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Otis Gibbs - Joe Hill's Ashes

  by Malcolm Carter

published: 8 / 6 / 2010

Otis Gibbs - Joe Hill's Ashes
Label: Wanamaker Recording Company
Format: CD


Bleak, but life-affirming and deeply moving latest album from gravel-voiced Indiana-based musician and protest singer, Otis Gibbs

It’s the first hot, sunny day of the year after the worst winter for a decade and I’m looking at the cover of Otis Gibb’s new album, ‘Joe Hill’s Ashes’. It has to be said that it’s a depressing sight. It could almost block out the sun shining through the window. A simple brown cardboard cover with four black panels printed on it, a couple of drawings of male faces and song titles like ‘Where Only the Graves Are Real’, Twelve Men Dead in Sago’ and ‘The Town That Killed Kennedy’ almost had me reaching for the Beach Boys 'Greatest Hits'. This hard winter had depressed me enough already, I wanted some music to embrace and enjoy the sun in I didn’t want to be brought down, not today. But I gave it a try and it’s been a long, long time since an album that is so raw has captivated me in the way that ‘Joe Hill’s Ashes’ has. In spite of wanting waves of warm Californian harmonies to rush over me that day I was met by the sound of a gravel-voiced acoustic guitar playing troubadour who held me spellbound from the very first minute of this album. Firstly despite sounding like he has been gargling with razor blades on a daily basis for a major part of his adult life Gibbs has a much more appealing voice than that of say Tom Waits. Secondly, taking Waits again as an example, the beauty in the melodies that Gibbs writes is instant where it can take time for Waits' melodies to come through. Thirdly it’s obvious from the off that in Gibbs we have an artist that, who despite having a background that most of us have never lived through, we can still relate to. The man is believable. This is real music that will touch and affect you. We’ve all had those times when we hit upon some music or artist that is new to us and which quite simply blows us way and I certainly wasn’t expecting this album to have such an affect on me as it has had. Although this is not the first album that Gibbs has made it is the first I have heard of his work. The second name listed in Gibbs ‘thank you’ list is that of Billy Bragg which made me curious before I listened to this album but now it makes sense. I’m a great fan of Bragg and it appears that that Bragg included a Gibbs song, ‘The People's Day’ in a list he compiled for 'The Wall Street Journal' of ‘The Top Five Songs With Something To say’. The other artists listed were Chuck Berry, the Clash, Bob Dylan and Sam Cooke. Now I’ve yet to hear ‘The People's Day’ but I can understand from the songs featured on ‘Joe Hill’s Ashes’ exactly why Bragg featured an Otis Gibbs track in that list and why he deserves to be in such a list with such artists. The man is some kind of genius it’s as simple as that. This record didn’t depress me as I initially thought it would. It inspired me, it gave me hope that music can still change things; it proved that those with something to say will always find a way and by the second listen it had me singing along to songs like ‘The Ballad of Johnny Crooked Tree’. Unbeknown to me Otis Gibbs has already made quite a name for himself with his previous albums. His last album ‘Grandpa Walked a Picketline’ from 2009 spent over a month in the top 5 of the Americana Radio Chart in the USA and still I missed out on him. He’s been tagged as a protest singer much as Bragg was in his early days but Gibbs is so much more than that. While he is not afraid to speak ( or sing) out about what is wrong with his country there are songs on this album such as ‘When I Was Young’ which is a tender ballad about how he felt safest when he was “in my mother’s arms when I was three years old” and where his gravelled voice is really touching. The other side of Gibbs is neatly shown on tracks like ‘The Town That Killed Kennedy’ where he nearly spits out the lines “No one chooses to ride in a Greyhound/ The only reason you’re here is you’re too broke to fly”. I can’t remember when a collection of songs has moved me this much especially when I expected an album that was going to depress me not inspire me. ‘Joe Hill’s Ashes’ is an absolute classic. I’ve just read somewhere that Gibbs has released at least five albums prior to this one so here’s someone who has some overtime to put in.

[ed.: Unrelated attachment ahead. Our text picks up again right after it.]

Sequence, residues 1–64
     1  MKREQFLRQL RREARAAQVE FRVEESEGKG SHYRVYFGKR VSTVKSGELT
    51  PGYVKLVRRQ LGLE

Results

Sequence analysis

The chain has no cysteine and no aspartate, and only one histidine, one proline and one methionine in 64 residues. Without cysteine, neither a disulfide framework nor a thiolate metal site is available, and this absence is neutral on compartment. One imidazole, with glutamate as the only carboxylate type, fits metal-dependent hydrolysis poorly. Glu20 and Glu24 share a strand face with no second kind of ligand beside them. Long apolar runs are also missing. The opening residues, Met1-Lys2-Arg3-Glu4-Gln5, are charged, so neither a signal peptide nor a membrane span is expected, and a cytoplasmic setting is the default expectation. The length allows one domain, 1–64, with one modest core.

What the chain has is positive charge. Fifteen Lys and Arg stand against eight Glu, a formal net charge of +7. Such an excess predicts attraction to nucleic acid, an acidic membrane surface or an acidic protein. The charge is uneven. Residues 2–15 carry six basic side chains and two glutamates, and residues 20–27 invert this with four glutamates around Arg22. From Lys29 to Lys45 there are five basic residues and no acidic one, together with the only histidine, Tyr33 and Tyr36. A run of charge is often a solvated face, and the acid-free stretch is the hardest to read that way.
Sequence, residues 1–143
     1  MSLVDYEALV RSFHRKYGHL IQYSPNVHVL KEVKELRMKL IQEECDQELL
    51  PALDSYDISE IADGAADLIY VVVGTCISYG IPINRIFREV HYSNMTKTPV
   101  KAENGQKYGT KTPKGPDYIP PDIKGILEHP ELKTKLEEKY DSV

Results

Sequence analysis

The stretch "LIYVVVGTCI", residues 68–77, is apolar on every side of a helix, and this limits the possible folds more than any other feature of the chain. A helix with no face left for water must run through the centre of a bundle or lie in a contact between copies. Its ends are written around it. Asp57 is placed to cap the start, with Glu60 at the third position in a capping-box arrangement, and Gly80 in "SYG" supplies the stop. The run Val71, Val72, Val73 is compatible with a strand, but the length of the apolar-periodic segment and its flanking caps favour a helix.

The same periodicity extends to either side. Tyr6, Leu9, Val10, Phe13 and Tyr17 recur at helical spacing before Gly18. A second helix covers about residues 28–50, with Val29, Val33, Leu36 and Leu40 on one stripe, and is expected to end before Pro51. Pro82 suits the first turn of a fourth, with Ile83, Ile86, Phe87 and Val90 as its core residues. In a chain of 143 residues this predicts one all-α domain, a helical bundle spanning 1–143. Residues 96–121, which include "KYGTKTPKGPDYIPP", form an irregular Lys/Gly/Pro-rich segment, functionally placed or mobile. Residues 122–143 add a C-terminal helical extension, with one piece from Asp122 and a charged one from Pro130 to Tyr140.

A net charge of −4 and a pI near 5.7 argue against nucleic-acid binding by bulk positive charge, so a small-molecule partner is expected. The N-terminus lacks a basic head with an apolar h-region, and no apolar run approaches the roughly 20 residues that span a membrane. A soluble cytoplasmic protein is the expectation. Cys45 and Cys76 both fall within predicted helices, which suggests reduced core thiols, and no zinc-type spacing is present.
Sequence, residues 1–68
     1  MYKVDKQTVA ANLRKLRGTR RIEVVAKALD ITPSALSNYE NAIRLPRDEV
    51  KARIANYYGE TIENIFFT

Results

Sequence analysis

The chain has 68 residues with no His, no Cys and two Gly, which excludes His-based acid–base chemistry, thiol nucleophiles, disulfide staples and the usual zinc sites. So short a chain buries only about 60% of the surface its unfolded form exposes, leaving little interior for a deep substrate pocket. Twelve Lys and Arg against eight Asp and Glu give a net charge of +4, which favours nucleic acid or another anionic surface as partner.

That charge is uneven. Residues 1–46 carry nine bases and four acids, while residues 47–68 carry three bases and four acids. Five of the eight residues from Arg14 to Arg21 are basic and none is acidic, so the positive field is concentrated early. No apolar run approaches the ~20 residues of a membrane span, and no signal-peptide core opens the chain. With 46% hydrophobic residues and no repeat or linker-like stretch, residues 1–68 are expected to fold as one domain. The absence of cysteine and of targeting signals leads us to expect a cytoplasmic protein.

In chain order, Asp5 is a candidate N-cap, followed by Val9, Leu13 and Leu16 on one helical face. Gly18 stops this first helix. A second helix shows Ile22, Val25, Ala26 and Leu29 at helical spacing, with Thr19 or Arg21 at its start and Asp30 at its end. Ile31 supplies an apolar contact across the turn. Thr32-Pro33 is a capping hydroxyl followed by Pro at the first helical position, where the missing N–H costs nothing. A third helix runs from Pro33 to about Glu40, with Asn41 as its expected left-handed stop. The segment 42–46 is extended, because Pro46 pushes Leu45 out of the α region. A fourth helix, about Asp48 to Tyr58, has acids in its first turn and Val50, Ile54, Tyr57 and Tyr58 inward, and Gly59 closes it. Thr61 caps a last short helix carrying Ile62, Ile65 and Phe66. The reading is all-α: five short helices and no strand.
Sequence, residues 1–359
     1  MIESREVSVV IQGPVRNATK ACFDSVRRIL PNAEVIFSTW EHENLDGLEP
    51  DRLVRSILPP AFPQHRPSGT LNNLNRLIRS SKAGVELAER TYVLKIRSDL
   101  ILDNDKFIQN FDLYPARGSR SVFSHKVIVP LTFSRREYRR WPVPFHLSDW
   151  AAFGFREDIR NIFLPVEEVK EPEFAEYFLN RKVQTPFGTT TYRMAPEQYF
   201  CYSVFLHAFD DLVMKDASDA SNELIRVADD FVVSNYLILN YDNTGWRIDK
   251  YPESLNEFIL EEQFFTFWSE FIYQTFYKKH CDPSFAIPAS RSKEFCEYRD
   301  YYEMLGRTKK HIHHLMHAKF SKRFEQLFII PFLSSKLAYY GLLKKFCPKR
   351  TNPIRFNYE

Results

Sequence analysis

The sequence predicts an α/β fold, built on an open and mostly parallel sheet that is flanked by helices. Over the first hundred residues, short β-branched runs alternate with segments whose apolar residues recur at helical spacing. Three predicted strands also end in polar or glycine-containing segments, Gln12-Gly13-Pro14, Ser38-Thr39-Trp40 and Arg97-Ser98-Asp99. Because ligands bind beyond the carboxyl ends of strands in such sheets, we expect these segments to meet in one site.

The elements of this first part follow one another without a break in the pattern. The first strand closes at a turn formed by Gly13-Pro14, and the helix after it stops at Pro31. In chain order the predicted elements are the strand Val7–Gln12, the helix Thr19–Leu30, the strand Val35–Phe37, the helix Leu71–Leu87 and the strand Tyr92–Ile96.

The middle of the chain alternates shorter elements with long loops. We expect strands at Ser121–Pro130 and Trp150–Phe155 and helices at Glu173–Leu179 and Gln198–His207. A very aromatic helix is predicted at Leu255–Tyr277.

Track Listing:-
1 Joe Hill's Ashes
2 Where Only the Graves Are Real
3 When I Was Young
4 Twelve Men Dead In Sago
5 Kansas City
6 Outdated, Frustrated And Blue
7 The Town That Killed Kennedy
8 The Ballad of Johnny Crooked Tree
9 I Walked Out In the River
10 Cross Country
11 My New Mind
12 Something More

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